with RMI. It was very important not to change any of the standards given by

    Java to be truly system independent.

    To reach maximum speed and to have the least overhead, the JMessengers

    system does not implement any agent veri�cation or authentication. It is there-

    fore not suited for insecure environments, but rather for trusted networks or

    virtual private networks.

    The basic functions of a JMessengers agent|navigation in the network, cre-

    ation of a new virtual network, and communication between agents|are all

    implemented in the basic Agent class that all custom JMessengers agents must

    inherit from. JMessengers does also provide the developer with a variety of ways

    to synchronize agents throughout the network.

  • 2.1 Architecture

    The JMessengers system architecture consists of a three-layer design, which is

    depicted in �gure 1:

    Hardware layer: Machines participating in the network, connected through

    TCP/IP based LAN or WAN structures.

    System layer: A daemon is a program that has to be started on each of the

    participating machines in order to add that machine to the JMessengers network.

    All daemons need one master daemon to serve as central gathering point.

    Logical layer: On top of the daemons, a JMessengers system uses virtual nodes

    and links to overcome the limitations of the underlying physical layer. Each

    JMessengers daemon can host an unlimited number of virtual nodes, connected

    to each other and to nodes on other daemons through virtual links. Those nodes

    are used to host the agents.

    Daemon Daemon Daemon Daemon



    Node Node


    NodeNode Node


    Agent Q

    Agent Z

    1.1 1.2


    2.1 3.1


    4.1 4.2


    wave.ics.uci.edu i80pc1.ira.uka.de

    Logical layer

    Hardware layer

    Network layer

    System layer

    Agent 07 Agent Z Agent XY Agent Z

    Agent N Agent N Agent N

    machine.net.com computer.at.home

    Fig. 1. JMessengers design.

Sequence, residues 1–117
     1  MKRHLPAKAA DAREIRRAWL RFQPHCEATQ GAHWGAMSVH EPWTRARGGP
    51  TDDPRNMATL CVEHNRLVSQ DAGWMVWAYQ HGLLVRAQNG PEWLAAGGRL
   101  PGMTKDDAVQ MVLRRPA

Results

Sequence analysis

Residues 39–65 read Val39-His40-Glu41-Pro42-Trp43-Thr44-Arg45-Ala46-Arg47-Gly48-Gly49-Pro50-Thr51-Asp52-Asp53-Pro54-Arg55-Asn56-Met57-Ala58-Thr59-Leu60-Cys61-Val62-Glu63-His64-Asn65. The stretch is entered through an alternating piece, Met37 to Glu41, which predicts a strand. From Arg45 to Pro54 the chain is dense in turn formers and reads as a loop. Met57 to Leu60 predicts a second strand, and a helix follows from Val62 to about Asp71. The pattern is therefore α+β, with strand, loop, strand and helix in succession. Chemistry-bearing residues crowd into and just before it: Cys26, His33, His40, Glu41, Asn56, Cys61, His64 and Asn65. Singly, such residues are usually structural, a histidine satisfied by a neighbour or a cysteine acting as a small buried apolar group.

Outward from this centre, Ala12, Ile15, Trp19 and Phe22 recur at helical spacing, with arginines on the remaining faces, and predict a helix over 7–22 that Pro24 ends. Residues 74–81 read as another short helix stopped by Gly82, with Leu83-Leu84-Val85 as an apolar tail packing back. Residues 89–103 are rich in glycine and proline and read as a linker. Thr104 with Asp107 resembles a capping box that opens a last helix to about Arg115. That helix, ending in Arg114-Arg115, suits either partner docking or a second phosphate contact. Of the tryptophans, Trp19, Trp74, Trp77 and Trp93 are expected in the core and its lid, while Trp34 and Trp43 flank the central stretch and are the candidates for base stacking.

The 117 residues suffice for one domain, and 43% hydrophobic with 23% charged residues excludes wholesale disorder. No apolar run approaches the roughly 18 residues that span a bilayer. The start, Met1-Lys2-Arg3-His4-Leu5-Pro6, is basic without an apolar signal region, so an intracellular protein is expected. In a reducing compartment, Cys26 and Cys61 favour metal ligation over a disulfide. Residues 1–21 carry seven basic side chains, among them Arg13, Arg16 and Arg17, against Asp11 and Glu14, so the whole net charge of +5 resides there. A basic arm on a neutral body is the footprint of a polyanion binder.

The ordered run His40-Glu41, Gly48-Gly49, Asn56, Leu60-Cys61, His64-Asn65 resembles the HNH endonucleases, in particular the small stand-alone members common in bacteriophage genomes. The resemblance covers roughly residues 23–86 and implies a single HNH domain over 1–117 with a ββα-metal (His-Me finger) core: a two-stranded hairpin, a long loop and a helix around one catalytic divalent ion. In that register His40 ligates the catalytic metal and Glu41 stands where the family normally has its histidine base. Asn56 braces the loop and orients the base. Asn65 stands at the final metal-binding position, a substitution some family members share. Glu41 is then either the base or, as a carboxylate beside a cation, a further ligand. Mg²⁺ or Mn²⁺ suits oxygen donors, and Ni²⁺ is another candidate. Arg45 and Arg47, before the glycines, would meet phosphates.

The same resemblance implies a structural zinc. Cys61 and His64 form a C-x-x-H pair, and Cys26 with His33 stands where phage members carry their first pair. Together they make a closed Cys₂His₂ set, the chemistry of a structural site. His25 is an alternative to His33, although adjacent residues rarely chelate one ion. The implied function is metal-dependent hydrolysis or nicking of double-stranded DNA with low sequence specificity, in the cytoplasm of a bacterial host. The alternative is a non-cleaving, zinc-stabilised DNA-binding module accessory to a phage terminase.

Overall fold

2.2 Usage of JMessengers

    To build a JMessengers network, the user must �rst start one master daemon

    on any of the machines in the network. This master daemon serves as a central

  • gathering point to all other daemons. It also hosts the initial node of the JMes-

    sengers system. Every other daemon that the user starts needs a reference to

    the master daemon in the system, which must be provided at startup time by

    the user. The master daemon then keeps track of every registered daemon and

    is responsible for the following tasks:

    User interface: On startup of a master daemon, a user interface is shown on

    the machine's desktop. Through this interface, the user can

    { survey the virtual network, { cleanup the created network (delete all virtual nodes except the ever existing

    initial node), { shut down the whole system and stop all working daemons, { inject a new agent onto the initial node of the system.

    Daemon registration: The master daemon keeps track of all other daemons

    in the system and receives new daemons in a network, even at runtime.

    Code distribution: If the code of an agent (Java bytecode) does not exist on

    one of the daemons (nodes) that an agent hops to, the receiving daemon asks

    the master daemon to provide him with that code.

    Node balancing: Upon the creation of a new virtual node, the master daemon

    is responsible for equally distributing the nodes on all available daemons (ma-

    chines). Besides this way of automatic distribution, it is also possible to choose

    a particular daemon on which the node will be created.

    2.3 Functionality

    The JMessengers agent system and its class framework provide methods for most

    applications. All agents must be subclasses of the Agent class. This class already

    implements methods for:

    Network creation: Upon the start of a new JMessengers network, the master

    daemon creates one initial node. This node is the starting point of each agent in

    the system. From there the agent can use the createLink() method to create

    new links and eventually nodes. New nodes are automatically created on the

    next available machine if the link is not directed to an already existing node.

    Each link is identi�ed with a (non unique) name, a weight and a direction. That

    means that links can be created as being uni- or bi-directional. The numerical

    weight and alphabetical name of a link are used to identify it.

    Network navigation: After a network is established, an agent can travel along

    links using the hopLink(Link linkObject, Strin